Jan 18, 2018

Trump's his own worst enemy: 2018 edition

Illustration: Lazaro Gamio / Axios

President Trump has often been his own worst enemy when it comes to his public image. He'll criticize the media for distracting from his administration's accomplishments, but in reality he's the man at the center of it all who's dictating the news cycle.

Imagine if: Trump didn’t call countries "shitholes," taunt his chief of staff over immigration on Twitter, or spend days defending his mental health. The American people might just focus on what's going well.

  • Lowest jobless claims in 1973: U.S. filings for unemployment benefits have fallen to the lowest level in almost 45 years, a sign the labor market will labor market continues to strengthen in 2018.
  • The stock market is at the highest level in history: The Dow closed above 26,000 on Wednesday, continuing a year of record-breaking increases.
  • Apple's making a massive tax payment: Apple plans to bring back the vast majority of its overseas cash — on the order of $250 billion — and several new spending plans that will directly contribute to the U.S. economy.
  • Companies are doling out raises and increased employee benefits, including Walmart, Bank of America, AT&T and Boeing, among others.
  • All other advanced economies are growing too, in part fueled by the U.S.: China's growth ticked back up in 2017, the first time in 7 years. Meanwhile, the World Bank predicts that the global economy will grow 3.1% this year.

Go deeper

Tech can't remember what to do in a down market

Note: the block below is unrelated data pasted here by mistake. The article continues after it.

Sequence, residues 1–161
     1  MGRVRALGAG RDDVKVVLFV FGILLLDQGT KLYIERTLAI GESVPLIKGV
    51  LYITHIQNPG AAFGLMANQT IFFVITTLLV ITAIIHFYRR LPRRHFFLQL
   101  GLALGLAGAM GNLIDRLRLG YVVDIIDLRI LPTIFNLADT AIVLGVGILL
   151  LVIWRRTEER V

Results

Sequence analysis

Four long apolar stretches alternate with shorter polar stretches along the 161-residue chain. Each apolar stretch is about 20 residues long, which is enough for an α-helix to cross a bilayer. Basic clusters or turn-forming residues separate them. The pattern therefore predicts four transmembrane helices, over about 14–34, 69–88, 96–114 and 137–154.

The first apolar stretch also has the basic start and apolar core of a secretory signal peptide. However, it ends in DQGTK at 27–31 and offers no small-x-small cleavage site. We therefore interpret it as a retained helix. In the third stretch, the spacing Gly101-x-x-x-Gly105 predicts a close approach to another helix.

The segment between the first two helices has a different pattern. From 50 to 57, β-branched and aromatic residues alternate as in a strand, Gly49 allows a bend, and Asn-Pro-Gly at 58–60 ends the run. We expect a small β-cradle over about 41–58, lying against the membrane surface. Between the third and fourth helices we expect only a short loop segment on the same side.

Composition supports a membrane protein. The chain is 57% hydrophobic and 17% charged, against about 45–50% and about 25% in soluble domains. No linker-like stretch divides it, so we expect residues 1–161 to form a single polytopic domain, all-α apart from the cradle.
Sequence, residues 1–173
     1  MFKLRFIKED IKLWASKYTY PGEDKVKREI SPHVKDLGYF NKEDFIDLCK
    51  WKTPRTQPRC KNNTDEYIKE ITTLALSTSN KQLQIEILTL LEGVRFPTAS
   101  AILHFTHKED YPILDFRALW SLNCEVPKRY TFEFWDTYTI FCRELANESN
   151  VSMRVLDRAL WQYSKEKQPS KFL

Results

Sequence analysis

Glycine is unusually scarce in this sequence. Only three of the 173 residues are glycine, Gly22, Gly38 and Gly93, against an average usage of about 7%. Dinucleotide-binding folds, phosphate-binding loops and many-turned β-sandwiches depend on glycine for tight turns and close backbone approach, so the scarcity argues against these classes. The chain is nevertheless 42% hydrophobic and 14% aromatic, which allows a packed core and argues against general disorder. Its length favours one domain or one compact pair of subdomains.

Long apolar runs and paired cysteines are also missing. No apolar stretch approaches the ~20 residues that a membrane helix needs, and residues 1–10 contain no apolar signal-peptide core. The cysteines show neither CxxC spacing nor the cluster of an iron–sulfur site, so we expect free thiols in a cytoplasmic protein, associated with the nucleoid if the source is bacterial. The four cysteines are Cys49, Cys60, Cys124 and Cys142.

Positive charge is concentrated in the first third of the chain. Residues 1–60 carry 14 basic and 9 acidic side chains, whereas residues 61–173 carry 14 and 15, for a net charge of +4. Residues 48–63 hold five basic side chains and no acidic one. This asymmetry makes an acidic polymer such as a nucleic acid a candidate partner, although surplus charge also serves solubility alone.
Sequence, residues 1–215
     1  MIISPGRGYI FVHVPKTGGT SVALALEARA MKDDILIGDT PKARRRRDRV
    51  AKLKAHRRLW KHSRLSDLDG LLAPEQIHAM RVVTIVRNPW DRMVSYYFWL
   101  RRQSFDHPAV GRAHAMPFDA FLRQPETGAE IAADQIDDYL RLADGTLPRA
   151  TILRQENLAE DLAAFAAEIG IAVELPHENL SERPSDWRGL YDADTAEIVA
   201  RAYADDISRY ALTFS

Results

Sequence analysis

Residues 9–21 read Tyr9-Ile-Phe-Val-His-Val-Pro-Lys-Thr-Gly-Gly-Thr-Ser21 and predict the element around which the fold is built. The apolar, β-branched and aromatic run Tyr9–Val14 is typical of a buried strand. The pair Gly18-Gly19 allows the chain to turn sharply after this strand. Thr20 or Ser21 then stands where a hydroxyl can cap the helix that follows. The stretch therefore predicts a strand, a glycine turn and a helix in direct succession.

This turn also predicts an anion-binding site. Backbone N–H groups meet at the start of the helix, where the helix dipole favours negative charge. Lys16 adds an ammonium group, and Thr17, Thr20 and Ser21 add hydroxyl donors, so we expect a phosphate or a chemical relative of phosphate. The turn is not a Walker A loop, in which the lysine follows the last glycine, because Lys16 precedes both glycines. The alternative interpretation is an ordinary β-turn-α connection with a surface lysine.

Illustration: Rebecca Zisser/Axios

Wall Street's two-day-old coronavirus crash is a wakeup alarm for Silicon Valley.

The big picture: Tech has been booming for so long the industry barely remembers what a down market feels like — and most companies are ill-prepared for one.

Brace yourself for a coronavirus outbreak

Illustration: Aïda Amer/Axios

Public-health officials’ warnings about the coronavirus are sounding increasingly urgent, with one top CDC official asking the public yesterday "to prepare for the expectation that this might be bad."

Reality check: Other administration officials, including President Trump himself, were more subdued in their assessments. But underneath those tonal differences, the reality of the coronavirus is the same: It spreads quickly, and has already spread to many countries, making it likely to start spreading here, too.

Exclusive: Pro-Trump group plans post-Super Tuesday blitz on Democrats

Democratic presidential hopefuls take the debate stage in South Carolina. Photo: Logan Cyrus/AFP via Getty Images

Pro-Trump super PAC America First Action is preparing to unleash a series of targeted, swing-state attacks on the Democrats most likely to face President Trump after Super Tuesday, people familiar with the group's plans tell me in an exclusive preview of its strategy.

The state of play: The group has been tracking favorable/unfavorable ratings in Florida, Georgia, Michigan, North Carolina, Ohio and Pennsylvania for 2020 candidates Joe Biden, Bernie Sanders, Elizabeth Warren, Pete Buttigieg and Michael Bloomberg — under the theory that if Trump wins each of these six states he would win re-election.